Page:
I heard it once said that a useful rule of thumb in determining how clean is the kitchen of any particular restaurant is to check out its toilet. The reasoning goes that if the facility is particular about the condition of the "dirtiest" room, it will certainly maintain high standards for its kitchen. This makes sense to me, but not having entered many restaurant kitchens I am not sure how valid this assumption may be. I have, however, used many toilets in restaurants, hotels and other public places, and almost never have I come across two that are exactly alike. Most of them are nothing to write home about, many I have successfully purged out of my memory, but there have been a few that truly stick out. Entering an opulent toilet room in a luxurious Vegas or Hawaii resort can make you feel like you are actually staying there. Toilets are definitely not to be underestimated, and "Toilets of the World" brings some of the most fascinating ones to our attention.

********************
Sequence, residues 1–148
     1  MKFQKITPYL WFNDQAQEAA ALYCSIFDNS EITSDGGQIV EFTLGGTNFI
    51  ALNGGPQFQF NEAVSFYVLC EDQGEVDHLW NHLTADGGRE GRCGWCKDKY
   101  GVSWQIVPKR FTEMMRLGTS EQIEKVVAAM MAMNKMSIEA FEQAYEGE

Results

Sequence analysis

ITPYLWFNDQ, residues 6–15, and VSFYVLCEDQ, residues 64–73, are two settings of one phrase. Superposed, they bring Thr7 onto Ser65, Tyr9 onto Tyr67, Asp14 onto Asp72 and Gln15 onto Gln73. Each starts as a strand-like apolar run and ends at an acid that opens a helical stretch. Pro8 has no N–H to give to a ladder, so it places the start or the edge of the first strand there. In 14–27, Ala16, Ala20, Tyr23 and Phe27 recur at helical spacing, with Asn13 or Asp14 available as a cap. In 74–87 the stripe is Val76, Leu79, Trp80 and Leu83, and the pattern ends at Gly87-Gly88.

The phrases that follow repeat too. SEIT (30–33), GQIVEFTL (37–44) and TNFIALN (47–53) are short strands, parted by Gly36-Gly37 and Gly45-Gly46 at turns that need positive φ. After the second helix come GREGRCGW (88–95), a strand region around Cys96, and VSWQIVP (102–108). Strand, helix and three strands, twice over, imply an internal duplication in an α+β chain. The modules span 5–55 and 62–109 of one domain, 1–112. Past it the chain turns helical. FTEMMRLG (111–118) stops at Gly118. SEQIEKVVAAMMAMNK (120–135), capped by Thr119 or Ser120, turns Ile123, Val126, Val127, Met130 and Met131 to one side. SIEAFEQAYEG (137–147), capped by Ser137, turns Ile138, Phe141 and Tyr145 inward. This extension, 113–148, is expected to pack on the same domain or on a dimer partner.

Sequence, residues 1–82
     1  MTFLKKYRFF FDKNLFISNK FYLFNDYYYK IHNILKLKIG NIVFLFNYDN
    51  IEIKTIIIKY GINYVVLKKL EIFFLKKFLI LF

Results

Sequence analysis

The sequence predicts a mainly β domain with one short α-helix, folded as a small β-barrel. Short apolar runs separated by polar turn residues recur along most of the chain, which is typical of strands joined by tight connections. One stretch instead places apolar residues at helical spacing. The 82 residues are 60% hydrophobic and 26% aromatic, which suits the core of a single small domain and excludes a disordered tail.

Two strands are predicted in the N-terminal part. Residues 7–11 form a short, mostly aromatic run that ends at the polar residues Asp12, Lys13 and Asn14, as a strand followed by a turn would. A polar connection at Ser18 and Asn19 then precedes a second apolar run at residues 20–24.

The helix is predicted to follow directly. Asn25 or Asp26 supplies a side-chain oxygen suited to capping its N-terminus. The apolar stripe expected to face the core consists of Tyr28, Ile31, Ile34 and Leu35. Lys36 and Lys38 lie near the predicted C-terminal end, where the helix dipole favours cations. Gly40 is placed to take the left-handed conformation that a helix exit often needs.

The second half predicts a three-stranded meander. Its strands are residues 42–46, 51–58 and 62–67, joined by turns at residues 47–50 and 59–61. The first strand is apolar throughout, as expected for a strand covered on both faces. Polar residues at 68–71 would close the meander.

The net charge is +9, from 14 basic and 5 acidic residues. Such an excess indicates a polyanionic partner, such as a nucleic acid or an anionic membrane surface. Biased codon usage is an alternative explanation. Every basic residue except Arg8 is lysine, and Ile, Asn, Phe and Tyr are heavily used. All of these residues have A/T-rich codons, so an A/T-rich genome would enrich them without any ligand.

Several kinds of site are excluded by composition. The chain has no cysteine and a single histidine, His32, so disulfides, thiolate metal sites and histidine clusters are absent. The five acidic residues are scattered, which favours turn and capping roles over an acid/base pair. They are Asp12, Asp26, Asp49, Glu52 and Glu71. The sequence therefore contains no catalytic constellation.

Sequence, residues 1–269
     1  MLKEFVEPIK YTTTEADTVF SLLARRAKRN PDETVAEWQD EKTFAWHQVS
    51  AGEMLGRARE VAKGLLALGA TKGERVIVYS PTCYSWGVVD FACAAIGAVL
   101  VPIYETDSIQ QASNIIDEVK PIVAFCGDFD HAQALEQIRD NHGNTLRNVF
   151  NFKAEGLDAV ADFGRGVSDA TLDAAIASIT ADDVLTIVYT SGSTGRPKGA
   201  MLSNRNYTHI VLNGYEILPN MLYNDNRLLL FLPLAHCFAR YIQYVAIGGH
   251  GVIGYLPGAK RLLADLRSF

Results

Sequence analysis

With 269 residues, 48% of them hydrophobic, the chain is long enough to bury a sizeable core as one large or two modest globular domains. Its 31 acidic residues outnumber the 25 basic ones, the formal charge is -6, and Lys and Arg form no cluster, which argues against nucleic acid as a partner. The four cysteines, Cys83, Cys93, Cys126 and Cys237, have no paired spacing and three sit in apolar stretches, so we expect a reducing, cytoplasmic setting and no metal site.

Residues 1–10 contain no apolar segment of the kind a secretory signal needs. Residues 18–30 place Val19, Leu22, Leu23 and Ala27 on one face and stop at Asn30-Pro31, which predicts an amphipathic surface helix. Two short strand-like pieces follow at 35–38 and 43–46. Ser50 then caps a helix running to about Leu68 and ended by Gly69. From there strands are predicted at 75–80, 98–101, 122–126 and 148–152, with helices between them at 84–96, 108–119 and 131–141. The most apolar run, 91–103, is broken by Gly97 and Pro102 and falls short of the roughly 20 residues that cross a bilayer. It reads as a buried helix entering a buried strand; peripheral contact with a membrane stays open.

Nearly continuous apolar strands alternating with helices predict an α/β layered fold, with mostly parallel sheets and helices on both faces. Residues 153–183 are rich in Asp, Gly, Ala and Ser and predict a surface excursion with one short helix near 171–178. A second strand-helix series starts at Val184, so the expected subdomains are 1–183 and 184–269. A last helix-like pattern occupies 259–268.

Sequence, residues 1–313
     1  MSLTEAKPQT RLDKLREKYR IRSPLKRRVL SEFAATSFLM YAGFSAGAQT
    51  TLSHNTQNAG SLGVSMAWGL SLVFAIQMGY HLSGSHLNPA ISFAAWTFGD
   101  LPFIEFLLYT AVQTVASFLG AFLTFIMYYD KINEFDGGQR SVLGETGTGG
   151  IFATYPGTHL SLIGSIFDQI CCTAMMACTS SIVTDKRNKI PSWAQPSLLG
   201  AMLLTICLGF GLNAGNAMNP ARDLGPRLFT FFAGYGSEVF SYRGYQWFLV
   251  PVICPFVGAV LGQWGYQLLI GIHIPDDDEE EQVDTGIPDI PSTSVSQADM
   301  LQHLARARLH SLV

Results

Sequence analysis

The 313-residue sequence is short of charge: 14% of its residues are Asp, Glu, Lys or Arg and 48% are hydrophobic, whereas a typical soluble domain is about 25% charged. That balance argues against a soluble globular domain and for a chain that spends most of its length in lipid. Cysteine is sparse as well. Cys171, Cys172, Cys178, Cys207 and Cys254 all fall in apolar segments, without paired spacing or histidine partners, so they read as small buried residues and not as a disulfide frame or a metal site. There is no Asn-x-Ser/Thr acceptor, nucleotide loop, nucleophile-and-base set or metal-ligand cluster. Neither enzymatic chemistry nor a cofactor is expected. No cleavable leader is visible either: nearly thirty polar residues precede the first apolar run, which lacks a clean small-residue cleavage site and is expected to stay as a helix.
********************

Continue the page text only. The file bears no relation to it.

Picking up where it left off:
The authors of this beautiful small book have taken pains to collect images of toilet from almost every corner of the World. The book contains images and descriptions of toilets from every continent and all sorts of settings - urban, rural, beachside, deep woods, high mountains, etc. The pictures of the toilets are as fascinating and intriguing as the ones found in any travel or architecture book. The short snippets or stories that accompany them are informative and educational. It is really interesting how much we can learn about culture or history of a given place by studying its toilets. For instance, the segregated South African toilet is an especially poignant reminder of the basic inhumanity of Apartheid. Making a distinction between human beings even when it came down to the most basic bodily functions is as clear of an indication of the fundamental perversion of that system as they come.
This is an entertaining and informative book that is very tastefully put together. It will provide you with a new appreciation for one of the least glamourous and yet most important of all rooms.